New Overnight Developments Abroad: U.S. Unveils Details of Toxic Asset Buying Plan

March 23, 2009

Markets reacted well initially to new details of the U.S. plan to purchase bad bank assets.  Treasury Secretary revealed new details in an Op-Ed WSJ column and speaks at 12:45 GMT this morning.  Fed, FDIC and Treasury all to play a role.  Much of the money to come from government.  Some fundamental questions still not resolved, so there is still scope for markets to sour on the plan.  For now, there is less risk aversion, however.

The yen and dollar are weaker.  The yen fell 0.5% against the dollar.  The dollar lost 1.8% against the Australian dollar, 1.6% versus the kiwi, 0.9% against sterling, 0.6% against the euro and Canadian dollar and 0.3% against the Swiss franc.

Oil firmed 1.2% to $52.67 per barrel.  Gold edged 0.1% lower but remains comparatively high at $955.20 per ounce.

Sovereign bond yields are higher in Europe and North America.  The 10-year JGB rose one basis point to 1.27%.

Stocks strengthened sharply. The Nikkei closed 3.4% higher, and the Ftse and Dax are trading 1.7% and 1.4% higher.  In Asia, stock market gains amounted to 4.8% in Hong Kong, 3.3% in Taiwan, 3.4% in Indonesia, 5.1% in India, 4.2% in Singapore, 2.5% in the Philippines and China, and 2.4% in South Korea.

Japan’s Finance Ministry quarterly business survey showed big erosions in confidence to -66.0 in March from -44.5 in December for manufacturers and to -42.6 from -30.5 for non-manufacturers.  The overall index fell to -51.3 from -35.7.  Survey indicates planned investment will plunged 29.4% in Fiscal 2009.

Japanese convenience store sales tumbled 5.4% in the year to February compared to a drop of 2.7% in the year to January.  Department store sales had earlier been reported with a 12-month tumble of 11.5% after dropping 9.1% in the year to January.  February results are in part distorted by the extra leap day in February 2008.

Several economic institutes revised projected German growth in 2009 sharply lower.  IMK looks for a decline of 5.0% in GDP.  Commerzbank is more bearish with an estimated drop of between 6% and 7%.  The RWI Institutes predicts negative growth of 4.3%.  These three forecasters have similar 2010 predictions ranging from +0.2% to +0.5%.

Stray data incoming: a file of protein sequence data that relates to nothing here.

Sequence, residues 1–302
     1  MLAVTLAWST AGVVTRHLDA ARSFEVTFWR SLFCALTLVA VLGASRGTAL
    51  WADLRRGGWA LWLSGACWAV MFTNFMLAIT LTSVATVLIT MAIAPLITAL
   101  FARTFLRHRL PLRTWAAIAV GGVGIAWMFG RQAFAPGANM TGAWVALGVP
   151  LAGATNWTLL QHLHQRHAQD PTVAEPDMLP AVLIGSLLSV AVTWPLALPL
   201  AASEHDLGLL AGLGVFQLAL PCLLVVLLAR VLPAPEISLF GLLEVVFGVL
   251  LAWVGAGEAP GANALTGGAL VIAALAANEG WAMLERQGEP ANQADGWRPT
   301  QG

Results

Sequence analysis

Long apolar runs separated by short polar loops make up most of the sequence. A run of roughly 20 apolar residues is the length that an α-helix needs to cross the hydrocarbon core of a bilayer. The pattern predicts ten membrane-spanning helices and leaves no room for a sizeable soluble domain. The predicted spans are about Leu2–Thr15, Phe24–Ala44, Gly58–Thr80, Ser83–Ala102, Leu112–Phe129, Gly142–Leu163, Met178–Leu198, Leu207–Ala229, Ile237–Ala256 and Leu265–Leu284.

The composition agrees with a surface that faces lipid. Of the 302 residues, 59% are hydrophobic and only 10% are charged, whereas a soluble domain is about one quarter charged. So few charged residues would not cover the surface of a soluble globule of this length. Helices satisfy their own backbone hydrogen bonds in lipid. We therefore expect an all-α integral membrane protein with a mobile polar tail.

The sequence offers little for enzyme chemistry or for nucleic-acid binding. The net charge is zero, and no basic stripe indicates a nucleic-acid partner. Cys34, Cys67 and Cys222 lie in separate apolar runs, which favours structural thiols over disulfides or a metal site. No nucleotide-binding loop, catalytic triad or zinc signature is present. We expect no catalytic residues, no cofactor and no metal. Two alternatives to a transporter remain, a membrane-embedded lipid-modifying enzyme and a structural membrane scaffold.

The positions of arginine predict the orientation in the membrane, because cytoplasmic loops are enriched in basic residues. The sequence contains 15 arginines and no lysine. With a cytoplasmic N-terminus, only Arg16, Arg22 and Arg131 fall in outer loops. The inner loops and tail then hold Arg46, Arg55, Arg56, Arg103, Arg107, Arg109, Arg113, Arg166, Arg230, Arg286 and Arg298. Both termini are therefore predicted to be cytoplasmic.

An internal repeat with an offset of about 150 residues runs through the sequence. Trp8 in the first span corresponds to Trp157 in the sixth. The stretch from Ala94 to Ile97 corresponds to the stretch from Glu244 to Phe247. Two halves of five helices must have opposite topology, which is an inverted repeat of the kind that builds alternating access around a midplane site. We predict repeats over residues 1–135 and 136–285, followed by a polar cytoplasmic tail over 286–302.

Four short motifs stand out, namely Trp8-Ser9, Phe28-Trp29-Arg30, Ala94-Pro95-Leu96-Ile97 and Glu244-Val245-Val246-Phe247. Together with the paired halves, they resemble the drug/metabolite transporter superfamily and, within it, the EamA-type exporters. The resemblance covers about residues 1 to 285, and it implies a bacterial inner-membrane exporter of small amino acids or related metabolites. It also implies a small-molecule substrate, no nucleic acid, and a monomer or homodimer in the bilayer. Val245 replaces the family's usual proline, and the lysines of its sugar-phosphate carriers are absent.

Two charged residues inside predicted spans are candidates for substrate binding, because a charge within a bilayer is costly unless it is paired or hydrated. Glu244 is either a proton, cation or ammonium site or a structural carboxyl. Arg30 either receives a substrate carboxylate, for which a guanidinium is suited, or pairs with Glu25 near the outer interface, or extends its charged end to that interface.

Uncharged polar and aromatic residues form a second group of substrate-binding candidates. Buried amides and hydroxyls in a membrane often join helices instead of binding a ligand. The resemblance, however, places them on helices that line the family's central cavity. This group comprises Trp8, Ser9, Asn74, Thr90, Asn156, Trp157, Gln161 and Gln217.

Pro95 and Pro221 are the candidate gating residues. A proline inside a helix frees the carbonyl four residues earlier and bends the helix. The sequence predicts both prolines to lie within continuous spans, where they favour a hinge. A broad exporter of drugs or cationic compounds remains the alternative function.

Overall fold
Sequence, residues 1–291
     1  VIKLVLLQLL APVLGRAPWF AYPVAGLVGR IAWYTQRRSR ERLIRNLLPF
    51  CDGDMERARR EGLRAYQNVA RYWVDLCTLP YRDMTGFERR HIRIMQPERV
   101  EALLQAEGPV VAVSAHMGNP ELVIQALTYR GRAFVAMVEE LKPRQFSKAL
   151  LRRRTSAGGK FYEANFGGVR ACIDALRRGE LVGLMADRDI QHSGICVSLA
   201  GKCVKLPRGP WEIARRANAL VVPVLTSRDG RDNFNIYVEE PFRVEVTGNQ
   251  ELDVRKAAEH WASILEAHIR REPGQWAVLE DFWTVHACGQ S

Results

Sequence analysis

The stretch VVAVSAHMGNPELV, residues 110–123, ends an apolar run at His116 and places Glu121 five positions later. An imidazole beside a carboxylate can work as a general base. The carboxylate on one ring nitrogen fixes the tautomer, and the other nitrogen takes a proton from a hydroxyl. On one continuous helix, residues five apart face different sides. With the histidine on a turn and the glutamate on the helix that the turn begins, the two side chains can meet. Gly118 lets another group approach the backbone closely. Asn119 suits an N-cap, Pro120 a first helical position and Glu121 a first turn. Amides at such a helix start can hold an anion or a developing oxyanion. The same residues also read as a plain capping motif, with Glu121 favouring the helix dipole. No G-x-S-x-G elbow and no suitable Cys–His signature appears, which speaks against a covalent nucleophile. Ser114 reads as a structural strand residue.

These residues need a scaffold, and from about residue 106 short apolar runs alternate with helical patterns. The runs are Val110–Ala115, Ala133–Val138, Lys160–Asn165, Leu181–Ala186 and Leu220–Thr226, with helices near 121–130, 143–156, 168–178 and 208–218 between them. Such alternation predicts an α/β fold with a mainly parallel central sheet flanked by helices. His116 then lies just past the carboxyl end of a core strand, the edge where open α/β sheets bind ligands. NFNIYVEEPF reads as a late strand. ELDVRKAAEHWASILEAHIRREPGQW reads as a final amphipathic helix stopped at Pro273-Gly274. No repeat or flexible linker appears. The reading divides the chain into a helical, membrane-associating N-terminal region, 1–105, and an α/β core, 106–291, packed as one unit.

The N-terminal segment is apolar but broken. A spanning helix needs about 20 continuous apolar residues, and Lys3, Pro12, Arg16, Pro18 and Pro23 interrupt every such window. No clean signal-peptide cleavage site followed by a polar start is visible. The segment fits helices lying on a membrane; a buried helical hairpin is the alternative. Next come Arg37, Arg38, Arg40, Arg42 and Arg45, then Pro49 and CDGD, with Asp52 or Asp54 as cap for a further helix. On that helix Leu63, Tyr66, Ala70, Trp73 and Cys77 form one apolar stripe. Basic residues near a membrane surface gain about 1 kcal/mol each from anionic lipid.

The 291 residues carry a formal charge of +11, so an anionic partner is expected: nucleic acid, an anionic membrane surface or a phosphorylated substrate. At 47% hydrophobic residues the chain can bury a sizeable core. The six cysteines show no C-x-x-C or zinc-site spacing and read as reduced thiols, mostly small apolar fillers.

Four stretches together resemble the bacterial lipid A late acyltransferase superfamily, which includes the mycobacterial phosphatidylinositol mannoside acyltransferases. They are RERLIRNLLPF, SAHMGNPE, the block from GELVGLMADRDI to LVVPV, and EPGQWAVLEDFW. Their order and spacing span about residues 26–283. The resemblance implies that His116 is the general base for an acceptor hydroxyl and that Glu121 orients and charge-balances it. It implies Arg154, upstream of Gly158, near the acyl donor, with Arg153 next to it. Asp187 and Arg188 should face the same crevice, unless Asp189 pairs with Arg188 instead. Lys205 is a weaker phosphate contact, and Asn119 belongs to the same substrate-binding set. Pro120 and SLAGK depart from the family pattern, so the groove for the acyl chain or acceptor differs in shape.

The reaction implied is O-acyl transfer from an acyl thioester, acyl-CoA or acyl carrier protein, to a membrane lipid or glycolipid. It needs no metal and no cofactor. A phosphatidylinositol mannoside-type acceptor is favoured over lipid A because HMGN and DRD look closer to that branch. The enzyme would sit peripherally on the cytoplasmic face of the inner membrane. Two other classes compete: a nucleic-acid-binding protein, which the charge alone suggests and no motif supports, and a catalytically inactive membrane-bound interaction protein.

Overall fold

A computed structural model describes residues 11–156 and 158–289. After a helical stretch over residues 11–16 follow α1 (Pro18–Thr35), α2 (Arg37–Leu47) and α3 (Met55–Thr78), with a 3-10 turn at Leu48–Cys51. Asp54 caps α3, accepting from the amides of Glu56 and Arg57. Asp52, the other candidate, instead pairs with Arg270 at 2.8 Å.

Euroland’s trade balance was in deficit in January.  The seasonally adjusted gap was EUR 5.5 billion, the largest shortfall in at least six months.  The unadjusted deficit was EUR 10.5 billion compared to EUR 1.7 billion in January 2008.  Exports and imports plunged 24.1% and 22.5% from a year earlier.  The trade position swung from a surplus of EUR 11.6 billion in 2007 to a deficit of EUR 38.9 billion in 2008, thanks to a EUR 70.4 billion deterioration in net energy trade.

Czech industrial output plunged 23.3% in the year to January, near twice as much as the on-year drop in January.

Danish consumer confidence slid to -11.7 in March from -11.3 in February.

The trading range for the Vietnamese dong was again widened, a step that facilitates the unit’s depreciation.

ECB President Trichet yet again reiterated dangers associated with zero interest rates, but he also indicated that there is still room to cut rates and that other policy stimulus moves are under consideration.

Governments in Japan and South Korea moved closer to larger fiscal stimulus packages.

Later today, the U.S. releases existing home sale data, and Canada releases its index of leading economic indicators. Hungary and Israel have monetary policy meetings.

Copyright 2009 Larry Greenberg.  All rights reserved.  No secondary distribution without express permission.


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